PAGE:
Fist of the North Star: Lost Paradise

30 Jul

After the highs of Last of Us Part 2 and the mediocre middle of Horizon: Zero Dawn it’s no telling what game I would want to play next. 2020 has been an awful year. As all of American’s are locked down from the COVID-19, and Virginia starts to think about reopening, the thought of going out to Barnes and Noble, even to clear my head, is depressing enough. Sitting there with my mask on, it was hard to drink from my water bottle, and it didn’t result in me staying long or thinking about buying anything yet. But maybe to cheer me up, I bought Fist of the Northstar (2018) and it seemed like a fun bet. Any manga adaptation that has English voice actors over the anime characters is a win for me, and I just need something fun and escapist that comes with an anime with big men who walk across a post apocalyptic wasteland, and it can be fucking ridiculous at the same time. 

            For those who aren’t aware of Fist of the Northstar, it was a manga in the 80’s that cropped up around the time Berserk and Guin Saga were making there way into the manga fans hands in the nipponese brothers who would eat it up for four decades. Written by Buronson, the history surrounding it is often times never misconstrued the story, and it’s like eating raw meat, slamming away, button mashing, but it’s not the danger you feel for the main character, Kenshiro, who is a solemn warrior in the heights of an 80’s lifestyle in a post apocalyptic wasteland. Being the strongest means that death is failure, and puts you in the headspace of the character, Ken.

            Kenshiro is seeking his lover, Yuria, which was captured by Shin, after he stuck his fingers into his body, scarring him, and as he journeys through the wasteland, meeting people that he has to fight in order to find Yuria. The fighting is fabulous, and if you wanted your fun factor raised, it achieves that, but when it tries to exemplify the world it has, the voice actors aren’t there to help sell the world in every cut scene. It’s a shame to not have this, because Ken and the post apocalyptic world deserved more than being undersold. Kenshiro has to fight his way out of prison, as he has to find Yuria, as he is pitted against enemies who are lied to, at the same time, making it feel like an anime put into the force of a video game. 

The writing is ridiculous and fun, and over the top (if it weren’t in a game such as Fist of the Northstar, it would be out of place), and put you in the shoes of Kenshiro. Unlike the Berserk video game that doesn’t seem to know when it should just be about battles or story and world of Berserk, Fist of the North Star has the ability to get it right and achieve it’s results. The story is laid out over 10 chapters, and each are meant to force the player into situations that have fights that the player can control. You can’t leave the fights, and each fight is a test of all the abilities learned in the game, making you progress along as Kenshiro is. You also get to bar tend which is a cool feature, but again, the lack of voice actors in a video game is a crippling function in a video game. A book is meant to be read and you can hear the voices you want, but a video game, even in the in game cut scenes, that aren’t fed through texts, makes it frustrating to play.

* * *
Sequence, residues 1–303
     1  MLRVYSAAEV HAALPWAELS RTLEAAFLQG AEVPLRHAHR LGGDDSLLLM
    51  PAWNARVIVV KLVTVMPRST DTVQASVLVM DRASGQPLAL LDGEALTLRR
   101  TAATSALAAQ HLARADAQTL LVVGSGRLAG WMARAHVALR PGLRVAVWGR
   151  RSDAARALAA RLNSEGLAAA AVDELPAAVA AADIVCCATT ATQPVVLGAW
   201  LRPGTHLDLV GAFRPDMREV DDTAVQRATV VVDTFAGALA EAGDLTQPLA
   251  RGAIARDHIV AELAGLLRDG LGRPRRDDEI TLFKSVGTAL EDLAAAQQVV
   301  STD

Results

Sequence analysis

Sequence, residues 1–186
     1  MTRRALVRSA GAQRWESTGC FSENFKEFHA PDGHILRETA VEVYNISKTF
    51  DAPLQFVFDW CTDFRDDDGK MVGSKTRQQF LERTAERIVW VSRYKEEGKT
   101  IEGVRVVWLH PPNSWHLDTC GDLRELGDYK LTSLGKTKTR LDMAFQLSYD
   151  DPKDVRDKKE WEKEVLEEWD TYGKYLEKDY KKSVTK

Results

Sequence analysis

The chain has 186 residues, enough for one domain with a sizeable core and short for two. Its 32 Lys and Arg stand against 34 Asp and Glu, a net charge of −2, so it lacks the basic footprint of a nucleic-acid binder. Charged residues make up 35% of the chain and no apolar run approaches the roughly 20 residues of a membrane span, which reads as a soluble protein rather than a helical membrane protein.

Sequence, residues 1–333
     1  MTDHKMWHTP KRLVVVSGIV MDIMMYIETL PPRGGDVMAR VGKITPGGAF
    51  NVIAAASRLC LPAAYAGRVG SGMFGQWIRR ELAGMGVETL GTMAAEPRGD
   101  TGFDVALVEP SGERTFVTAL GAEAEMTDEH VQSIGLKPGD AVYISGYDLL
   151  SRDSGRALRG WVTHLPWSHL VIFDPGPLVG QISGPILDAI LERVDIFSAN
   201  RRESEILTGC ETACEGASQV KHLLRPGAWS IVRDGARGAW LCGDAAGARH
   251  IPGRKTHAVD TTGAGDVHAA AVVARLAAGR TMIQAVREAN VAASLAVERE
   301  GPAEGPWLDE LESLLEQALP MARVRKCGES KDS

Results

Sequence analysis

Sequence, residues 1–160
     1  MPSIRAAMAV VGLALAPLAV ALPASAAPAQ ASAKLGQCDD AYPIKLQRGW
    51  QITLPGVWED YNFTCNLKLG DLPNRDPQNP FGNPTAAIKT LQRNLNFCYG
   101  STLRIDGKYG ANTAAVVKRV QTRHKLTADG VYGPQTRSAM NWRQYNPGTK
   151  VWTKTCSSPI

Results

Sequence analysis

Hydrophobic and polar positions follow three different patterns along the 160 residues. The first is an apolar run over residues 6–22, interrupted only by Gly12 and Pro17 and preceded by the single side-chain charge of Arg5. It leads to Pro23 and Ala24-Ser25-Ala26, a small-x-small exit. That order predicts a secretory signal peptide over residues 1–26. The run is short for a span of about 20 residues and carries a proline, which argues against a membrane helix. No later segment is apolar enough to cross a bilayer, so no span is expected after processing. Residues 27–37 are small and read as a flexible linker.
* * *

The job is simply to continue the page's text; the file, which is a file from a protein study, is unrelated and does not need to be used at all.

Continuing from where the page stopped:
As an anime and manga reader, this is already hitting the buttons I need to play this game, but the lack of voices in certain scenes, is the problem when resulting in the Fist of the North Star: Paradise Lost. Some won’t mind this idea, but this is a game that prides itself on a story and most are just as complicit in not providing voice to all parts of the game. Helping ordinary people also helps unlock all the stars of Destiny, which can help you be as powerful. Good choices are rewarded in the world of North Star, as even you’re met with pacifists that want you to not use violence, but that’s all Kenshiro knows when met with another opposing force. 

            You have to learn new moves to battle your way through the game, as the player has to become the character, and not taking control of the game. It’s a scripted game, but the world is interesting and never seems dull. Maybe I’m a bit of a manga anime person, but it does give that anime manga person the grandeur and mystery and downright fun it needs to be. Even smacking enemies with metal planks as a form of sport is fun as well. 

            The world and the writing is there, and it’s a shame the actors weren’t paid to voice the in game cut scenes, as they only had enough to voice the main cut scenes with the major plot points. Having grunts represent a character’s opinion with scrolling text is big with these types of games, but it’s frustrating and brings me out of the world. This is when the game runs into problems.

            But what makes this game an embarrassment is simple: the production company, Ryu Ga Gotoku studios, has embarrassed a franchise that should have been so entertaining and provocative and pleasurable, into a game that turned a thousand hand slap into a game I couldn’t even finish. While the combat and the story is enticing, I can’t honestly give this game a score because the game doesn’t deserve a score. If I were the writer of the manga’s I would wipe this away from my legacy and call it a day. This is what gaming shouldn’t be. While the fighting is fun for about five chapters, the lack of good in game cutscene and the lack of innovation is what I call an incomplete game for a great series. The story is great, but what the series deserved was something better.

            Final Score: 2/10 and a total waste of your time. Go read the manga if you can find them. Go do something better than play this game. 

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